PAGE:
Andrew Curtis, CEO of Irrigation New Zealand, said it was a very sad day for Hawke’s Bay and New Zealand following the decision by the Supreme Court on the proposed Ruataniwha land swap.
“The Ruataniwha dam depended on that land swap. If the dam does not go ahead it will have a significant impact – particularly on Central Hawke’s Bay farmers and the rural businesses that support them, and on the Tukituki River.”
“The new rules in the Council’s Tukituki plan are reliant on the dam being built because the plan provided for much higher minimum flows in the river. Without the dam there are severe water restrictions ahead for existing irrigators. The horticultural irrigators in particular will run into big problems without the dam, as they need a reliable supply of water to grow their fruit and vegetables. We need to remember Hawke’s Bay is a key horticultural region for New Zealand.”
“Farm storage is an option but it is considerably more expensive. This means production costs will go up – which will threaten the resilience of Hawke’s Bays thriving horticultural sector. Farm storage is also only a feasible option for those situated next to the river itself.”
Mr Curtis said the health of the Tukituki River would also be affected. Climate change predicts lower rainfall for the Hawke’s Bay ranges and this will result in longer periods of lower river flow.
“Rainfall in the ranges dictates how much water flows down the river – without storage to augment the flow the community will see their favourite swimming holes dry more often and there will be less fish to catch.”
The dam would have operated much like the Opuha Dam does now, underpinning river flows and supporting native fish and other aquatic species.
“We don’t envy the Councillors as they’ve now some tough decisions to make. Do they enable the dam through the public works pathway? If not, there needs to be an urgent plan change to address the minimum flow predicament.”
For more information or further interview contact Andrew Curtis, CEO Irrigation New Zealand, on 027 496 6314
Or Liz Crawshaw, Silvereye Communications, 022 176 6953
It’s been a busy time for many Selwyn farms over the past few months. After a record breaking dry spell in late 2017, we received some welcome rain in January. In conditions like these, irrigation is really important both for….. Read more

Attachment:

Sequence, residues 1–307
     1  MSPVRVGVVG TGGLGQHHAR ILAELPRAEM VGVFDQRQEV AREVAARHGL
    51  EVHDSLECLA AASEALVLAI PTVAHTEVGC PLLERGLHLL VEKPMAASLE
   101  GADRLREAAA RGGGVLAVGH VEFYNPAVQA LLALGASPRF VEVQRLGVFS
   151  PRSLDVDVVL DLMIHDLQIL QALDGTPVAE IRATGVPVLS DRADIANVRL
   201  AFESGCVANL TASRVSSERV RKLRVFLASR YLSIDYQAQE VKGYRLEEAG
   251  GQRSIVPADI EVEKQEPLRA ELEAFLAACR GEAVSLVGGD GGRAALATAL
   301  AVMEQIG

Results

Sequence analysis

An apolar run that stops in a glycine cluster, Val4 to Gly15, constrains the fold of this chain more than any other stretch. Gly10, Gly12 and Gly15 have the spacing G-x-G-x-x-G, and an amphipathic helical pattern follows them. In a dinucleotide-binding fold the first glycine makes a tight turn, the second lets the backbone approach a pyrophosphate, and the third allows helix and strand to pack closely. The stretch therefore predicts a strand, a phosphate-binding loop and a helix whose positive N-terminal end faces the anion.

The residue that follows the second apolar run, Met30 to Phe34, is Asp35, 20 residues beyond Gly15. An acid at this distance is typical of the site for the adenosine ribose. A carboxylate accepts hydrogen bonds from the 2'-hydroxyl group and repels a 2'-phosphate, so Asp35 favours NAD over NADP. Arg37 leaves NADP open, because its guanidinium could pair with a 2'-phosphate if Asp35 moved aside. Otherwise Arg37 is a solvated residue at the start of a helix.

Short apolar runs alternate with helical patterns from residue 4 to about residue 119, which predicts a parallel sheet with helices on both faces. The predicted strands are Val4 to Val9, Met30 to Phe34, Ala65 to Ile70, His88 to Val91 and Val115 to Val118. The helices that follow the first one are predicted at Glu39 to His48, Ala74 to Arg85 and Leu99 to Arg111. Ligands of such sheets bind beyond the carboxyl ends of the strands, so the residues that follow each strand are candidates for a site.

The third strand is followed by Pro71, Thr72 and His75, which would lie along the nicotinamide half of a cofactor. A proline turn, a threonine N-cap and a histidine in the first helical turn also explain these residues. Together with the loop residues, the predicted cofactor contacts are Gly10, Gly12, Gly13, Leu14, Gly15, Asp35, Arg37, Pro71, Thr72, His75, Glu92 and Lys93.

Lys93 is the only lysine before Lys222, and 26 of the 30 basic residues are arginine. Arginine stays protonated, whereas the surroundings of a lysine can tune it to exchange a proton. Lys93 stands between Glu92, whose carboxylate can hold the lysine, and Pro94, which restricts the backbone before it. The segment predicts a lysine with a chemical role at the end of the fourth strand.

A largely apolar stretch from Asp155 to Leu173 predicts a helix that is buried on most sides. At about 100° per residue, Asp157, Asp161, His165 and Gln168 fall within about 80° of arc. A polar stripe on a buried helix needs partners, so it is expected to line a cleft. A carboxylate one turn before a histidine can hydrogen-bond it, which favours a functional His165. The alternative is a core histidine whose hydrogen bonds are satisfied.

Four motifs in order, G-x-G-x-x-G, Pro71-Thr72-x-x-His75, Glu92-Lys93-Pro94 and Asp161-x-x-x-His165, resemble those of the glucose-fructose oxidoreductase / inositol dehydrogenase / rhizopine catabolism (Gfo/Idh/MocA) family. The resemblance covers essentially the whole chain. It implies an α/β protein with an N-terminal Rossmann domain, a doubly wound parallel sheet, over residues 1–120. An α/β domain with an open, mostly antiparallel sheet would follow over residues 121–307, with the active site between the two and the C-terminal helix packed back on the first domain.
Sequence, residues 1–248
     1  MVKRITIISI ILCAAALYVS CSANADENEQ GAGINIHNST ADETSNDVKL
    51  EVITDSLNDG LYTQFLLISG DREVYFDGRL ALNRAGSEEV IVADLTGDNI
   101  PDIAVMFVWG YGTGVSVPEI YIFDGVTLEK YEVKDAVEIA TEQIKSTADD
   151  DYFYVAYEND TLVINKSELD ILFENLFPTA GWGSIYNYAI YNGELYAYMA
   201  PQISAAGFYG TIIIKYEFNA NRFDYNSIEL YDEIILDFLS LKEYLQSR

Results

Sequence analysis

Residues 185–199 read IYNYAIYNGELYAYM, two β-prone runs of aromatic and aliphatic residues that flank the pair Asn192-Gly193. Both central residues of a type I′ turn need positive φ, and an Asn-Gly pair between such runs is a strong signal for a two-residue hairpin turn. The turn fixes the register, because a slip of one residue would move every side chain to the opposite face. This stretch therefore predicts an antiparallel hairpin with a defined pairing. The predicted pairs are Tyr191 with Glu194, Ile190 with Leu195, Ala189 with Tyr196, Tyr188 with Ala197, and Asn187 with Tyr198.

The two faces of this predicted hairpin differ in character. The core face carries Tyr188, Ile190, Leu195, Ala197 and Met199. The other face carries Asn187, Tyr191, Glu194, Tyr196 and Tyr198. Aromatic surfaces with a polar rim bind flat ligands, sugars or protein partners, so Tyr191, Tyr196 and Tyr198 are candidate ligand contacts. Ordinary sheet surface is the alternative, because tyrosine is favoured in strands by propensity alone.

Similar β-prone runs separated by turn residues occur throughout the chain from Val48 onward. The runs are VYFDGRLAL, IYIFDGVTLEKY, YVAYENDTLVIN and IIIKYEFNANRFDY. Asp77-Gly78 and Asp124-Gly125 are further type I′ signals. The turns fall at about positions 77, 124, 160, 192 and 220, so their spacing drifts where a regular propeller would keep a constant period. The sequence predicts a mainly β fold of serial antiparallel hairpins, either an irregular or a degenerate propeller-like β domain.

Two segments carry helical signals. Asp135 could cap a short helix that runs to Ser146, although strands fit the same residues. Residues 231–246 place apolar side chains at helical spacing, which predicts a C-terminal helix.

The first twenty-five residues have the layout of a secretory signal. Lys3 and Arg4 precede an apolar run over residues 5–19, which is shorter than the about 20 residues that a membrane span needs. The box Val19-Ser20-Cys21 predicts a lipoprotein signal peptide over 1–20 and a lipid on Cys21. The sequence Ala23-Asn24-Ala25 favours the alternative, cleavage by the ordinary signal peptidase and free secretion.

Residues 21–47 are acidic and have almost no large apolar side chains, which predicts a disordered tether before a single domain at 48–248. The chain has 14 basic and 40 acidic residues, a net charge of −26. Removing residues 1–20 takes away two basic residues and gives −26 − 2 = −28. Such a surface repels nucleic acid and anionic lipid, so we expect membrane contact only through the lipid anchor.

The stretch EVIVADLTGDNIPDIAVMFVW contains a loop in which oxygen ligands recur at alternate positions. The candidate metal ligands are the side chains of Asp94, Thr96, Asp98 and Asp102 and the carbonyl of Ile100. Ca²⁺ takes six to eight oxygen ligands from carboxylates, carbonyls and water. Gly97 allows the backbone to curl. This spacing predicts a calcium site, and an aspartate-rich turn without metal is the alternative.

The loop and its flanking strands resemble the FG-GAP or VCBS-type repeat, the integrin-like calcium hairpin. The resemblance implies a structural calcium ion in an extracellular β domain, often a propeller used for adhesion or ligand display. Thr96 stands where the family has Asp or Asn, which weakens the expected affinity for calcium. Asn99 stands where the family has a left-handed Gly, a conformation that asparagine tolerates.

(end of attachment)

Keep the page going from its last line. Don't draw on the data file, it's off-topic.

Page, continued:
The importance of water storage in helping provide a reliable supply of water for urban communities, and for food and energy production in a changing climate needs to be recognised, says IrrigationNZ. “We are seeing the effects of poor future….. Read more
As year’s went 2017 was a fairly dramatic one. In February, one of the biggest fires in New Zealand history ignited on the Port Hills amid tinder dry conditions, causing thousands of residents to be evacuated. In March, the….. Read more
Bay of Plenty dairy farmers have the opportunity to join a free workshop showing them how to optimise their irrigation use. The workshop will be run by IrrigationNZ and will cover how to assess how well irrigation systems are performing…… Read more
With challenging dry conditions continuing across the Upper South Island, Marlborough and Tasman irrigators will have the opportunity to find out how to be more efficient in their water use at upcoming workshops hosted by IrrigationNZ. “Understanding how to monitor….. Read more
November 7, 2017 - February 28, 2018
Is your irrigation equipment operating as it should? What improvements could be made? These are questions that can be technically challenging and costly. To help irrigating farmers navigate to Good Management….. Read more
March 6 - March 7
Given the considerable interest shown, INZ have organised a workshop on how to be effective working and negotiating with tangata whenua. Proudly supported by our training partners The learning objectives of this are to: Have a basic idea of who….. Read more